of his later career is treated as an afterthought..."
Thus, it is not the complete story. However, I confirmed you can get it on Kindle for only $9.99.
So there's that.
p.s. "Panzer Battles" in paperback is available for $13.45 (new).
Umm, the author clearly states in the book's forward that the book only covers through the Chir River battles and even then there is an epilogue that touches on Balck's remaining war time exploits. The synopsis on Amazon also makes that clear, so if the guy bought it without reading the synopsis then he should review the fact that he's a dumbass.

Now, with that said, the hardback is currently ( as of 5 minutes ago) priced on Amazon at $80.00, the paperback is $ 34.95. You can get used hard backs staring at $40.00.
 
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I was merely pointing out the "Panzer Commander" book might be a little bit incomplete for those who were looking for something a tad more comprehensive.
I made a typo with that last post re price. Said hardback when I meant paperback. There are some used hardback copies of Balck's book, used, for only $41.64.
When I was checking the books details I was amazed to find "Order In Chaos The Memoirs of General of Panzer Troops Herman Balck" NOW AVAILABLE on Kindle for $26.49.
Snapped that puppy up darned quick and it now rest comfortably on my Kindle.
Cool.
 

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during the Cold War the US Army interviewed Balck as they were interested in how he inflicted such heavy losses on the Red Army while preserving his forces. That should tell you everything you need to know about the man's ability.

There might also be a clue in this line from Wikipedia:

"Balck twice turned down a post in the German General Staff, the normal path for advancing to high rank in the German army, preferring instead to remain a line officer. "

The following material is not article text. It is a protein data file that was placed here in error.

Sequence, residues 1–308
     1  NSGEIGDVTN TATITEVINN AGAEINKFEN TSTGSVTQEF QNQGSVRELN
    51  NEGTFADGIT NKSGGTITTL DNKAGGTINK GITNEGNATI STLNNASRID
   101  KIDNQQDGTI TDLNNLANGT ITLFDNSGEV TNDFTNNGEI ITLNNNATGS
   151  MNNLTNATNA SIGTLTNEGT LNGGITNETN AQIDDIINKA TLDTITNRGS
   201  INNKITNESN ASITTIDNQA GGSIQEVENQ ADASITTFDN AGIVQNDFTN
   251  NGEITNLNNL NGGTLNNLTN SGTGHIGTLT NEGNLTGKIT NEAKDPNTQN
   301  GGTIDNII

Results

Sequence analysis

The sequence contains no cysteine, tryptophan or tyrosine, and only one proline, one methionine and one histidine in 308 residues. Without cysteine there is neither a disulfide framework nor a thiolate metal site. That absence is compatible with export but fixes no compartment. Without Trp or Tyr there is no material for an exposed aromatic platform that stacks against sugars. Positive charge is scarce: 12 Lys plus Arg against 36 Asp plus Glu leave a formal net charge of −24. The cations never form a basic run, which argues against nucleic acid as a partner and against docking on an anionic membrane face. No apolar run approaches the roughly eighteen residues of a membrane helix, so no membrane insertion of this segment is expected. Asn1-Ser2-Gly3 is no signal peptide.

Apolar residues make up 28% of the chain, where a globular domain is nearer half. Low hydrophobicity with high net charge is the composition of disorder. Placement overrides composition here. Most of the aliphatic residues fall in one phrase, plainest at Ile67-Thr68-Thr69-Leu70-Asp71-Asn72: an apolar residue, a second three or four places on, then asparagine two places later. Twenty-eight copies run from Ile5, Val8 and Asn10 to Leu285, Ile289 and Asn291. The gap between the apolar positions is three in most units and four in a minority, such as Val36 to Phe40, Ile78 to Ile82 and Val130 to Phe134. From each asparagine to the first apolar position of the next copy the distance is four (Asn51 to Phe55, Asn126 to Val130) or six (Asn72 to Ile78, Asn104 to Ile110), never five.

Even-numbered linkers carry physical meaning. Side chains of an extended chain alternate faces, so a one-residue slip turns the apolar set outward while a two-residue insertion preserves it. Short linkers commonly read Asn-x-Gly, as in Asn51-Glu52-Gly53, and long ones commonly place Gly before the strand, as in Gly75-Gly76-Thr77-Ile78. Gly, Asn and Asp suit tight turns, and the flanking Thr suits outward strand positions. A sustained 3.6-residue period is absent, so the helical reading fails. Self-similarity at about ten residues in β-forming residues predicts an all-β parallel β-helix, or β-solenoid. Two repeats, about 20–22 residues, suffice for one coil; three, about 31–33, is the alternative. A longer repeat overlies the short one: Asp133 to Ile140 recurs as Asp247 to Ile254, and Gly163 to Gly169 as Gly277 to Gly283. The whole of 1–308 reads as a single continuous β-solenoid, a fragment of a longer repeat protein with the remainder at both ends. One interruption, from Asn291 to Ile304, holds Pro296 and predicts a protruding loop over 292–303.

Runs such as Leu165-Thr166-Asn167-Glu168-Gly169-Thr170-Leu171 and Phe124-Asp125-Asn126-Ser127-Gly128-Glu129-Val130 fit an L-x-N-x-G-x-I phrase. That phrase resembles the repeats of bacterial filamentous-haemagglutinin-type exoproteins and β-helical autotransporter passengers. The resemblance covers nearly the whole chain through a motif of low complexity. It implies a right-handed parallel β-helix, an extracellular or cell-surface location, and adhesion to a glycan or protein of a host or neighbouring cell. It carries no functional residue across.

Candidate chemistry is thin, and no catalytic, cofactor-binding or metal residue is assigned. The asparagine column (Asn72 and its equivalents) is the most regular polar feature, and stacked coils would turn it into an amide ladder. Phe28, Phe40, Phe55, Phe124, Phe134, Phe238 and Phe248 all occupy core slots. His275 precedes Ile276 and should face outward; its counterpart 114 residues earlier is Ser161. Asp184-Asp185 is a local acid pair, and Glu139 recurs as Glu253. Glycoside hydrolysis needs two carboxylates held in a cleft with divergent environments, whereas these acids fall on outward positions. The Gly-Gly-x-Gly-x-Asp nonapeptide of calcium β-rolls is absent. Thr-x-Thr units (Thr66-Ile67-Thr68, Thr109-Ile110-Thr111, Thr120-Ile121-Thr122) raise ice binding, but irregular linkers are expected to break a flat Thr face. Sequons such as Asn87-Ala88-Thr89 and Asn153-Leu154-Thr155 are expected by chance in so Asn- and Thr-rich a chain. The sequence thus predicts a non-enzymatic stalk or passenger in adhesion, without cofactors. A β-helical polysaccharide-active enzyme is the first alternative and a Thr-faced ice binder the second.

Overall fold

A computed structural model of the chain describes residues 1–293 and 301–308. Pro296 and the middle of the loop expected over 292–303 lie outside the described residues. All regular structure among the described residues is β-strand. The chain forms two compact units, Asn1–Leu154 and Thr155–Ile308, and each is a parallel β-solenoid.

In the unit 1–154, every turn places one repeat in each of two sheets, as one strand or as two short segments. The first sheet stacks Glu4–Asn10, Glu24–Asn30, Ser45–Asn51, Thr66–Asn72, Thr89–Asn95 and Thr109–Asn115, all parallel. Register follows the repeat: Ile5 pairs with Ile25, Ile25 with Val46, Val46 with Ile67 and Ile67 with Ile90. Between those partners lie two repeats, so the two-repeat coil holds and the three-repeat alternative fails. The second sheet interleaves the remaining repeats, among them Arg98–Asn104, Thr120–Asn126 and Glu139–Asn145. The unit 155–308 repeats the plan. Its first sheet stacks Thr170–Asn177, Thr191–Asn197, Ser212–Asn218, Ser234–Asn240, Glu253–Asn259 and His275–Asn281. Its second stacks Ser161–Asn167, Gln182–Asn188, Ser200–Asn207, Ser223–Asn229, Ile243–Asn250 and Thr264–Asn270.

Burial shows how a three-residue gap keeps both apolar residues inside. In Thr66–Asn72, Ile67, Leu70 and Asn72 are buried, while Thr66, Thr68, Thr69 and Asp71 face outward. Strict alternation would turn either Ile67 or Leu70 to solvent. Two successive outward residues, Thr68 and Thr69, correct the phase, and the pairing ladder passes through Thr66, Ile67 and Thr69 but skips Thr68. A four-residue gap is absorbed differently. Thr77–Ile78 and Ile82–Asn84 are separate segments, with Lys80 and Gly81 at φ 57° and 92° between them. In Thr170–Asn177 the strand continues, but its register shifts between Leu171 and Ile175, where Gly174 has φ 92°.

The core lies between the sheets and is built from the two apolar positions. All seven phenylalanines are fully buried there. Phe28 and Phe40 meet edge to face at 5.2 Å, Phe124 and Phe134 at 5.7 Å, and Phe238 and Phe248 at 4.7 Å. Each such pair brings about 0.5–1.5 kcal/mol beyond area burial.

HOA_KSOP

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I was merely pointing out the "Panzer Commander" book might be a little bit incomplete for those who were looking for something a tad more comprehensive.
And you are correct. The Amazon review by the one fellow is on the mark. The explanation of the Greek Campaign, although fascinating as I was not really well informed on the conduct of operations in Greece, was more from the Allied perspective and didn't really delve into Balck's conduct to a great degree. The Chir Battles are covered pretty well, with a pretty decent rendition of the elastic mobile tactics Balck used in this battle, but it is not as verbose as the Greek campaign description. The rest of the book kind of summarizes the remainder of Balck's career and his life. One thing I did learn was that the US Army drew heavily on Balck to help create their Airland Battle doctrine and ethos.

Not complaining, because I knew what I was getting when I bought the book, but am going to sell it to the used book store when I go there in the future.
 
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I started "Order in Chaos" and found myself fast forwarding through his early life and everything else he did before getting into the army.
It is a translation and as such the writing style is a bit stilted and dry. I'm hoping it gets more interesting when, well, things get more interesting.
I temporarily left it for the next book in the series "Marching with Caesar," which is terrific by the way.
 

Lethaface

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I started "Order in Chaos" and found myself fast forwarding through his early life and everything else he did before getting into the army.
It is a translation and as such the writing style is a bit stilted and dry. I'm hoping it gets more interesting when, well, things get more interesting.
I temporarily left it for the next book in the series "Marching with Caesar," which is terrific by the way.

Just received my copy in the mail today. I hope German being close to Dutch the translation doesn't affect me as much.
Translations always losing some of the original is the main reason I prefer reading books in their original language, although my German isn't good enough for that.
 

Lethaface

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I restarted this again. Slooow. He's dragging me through his career as a soldier in WWI.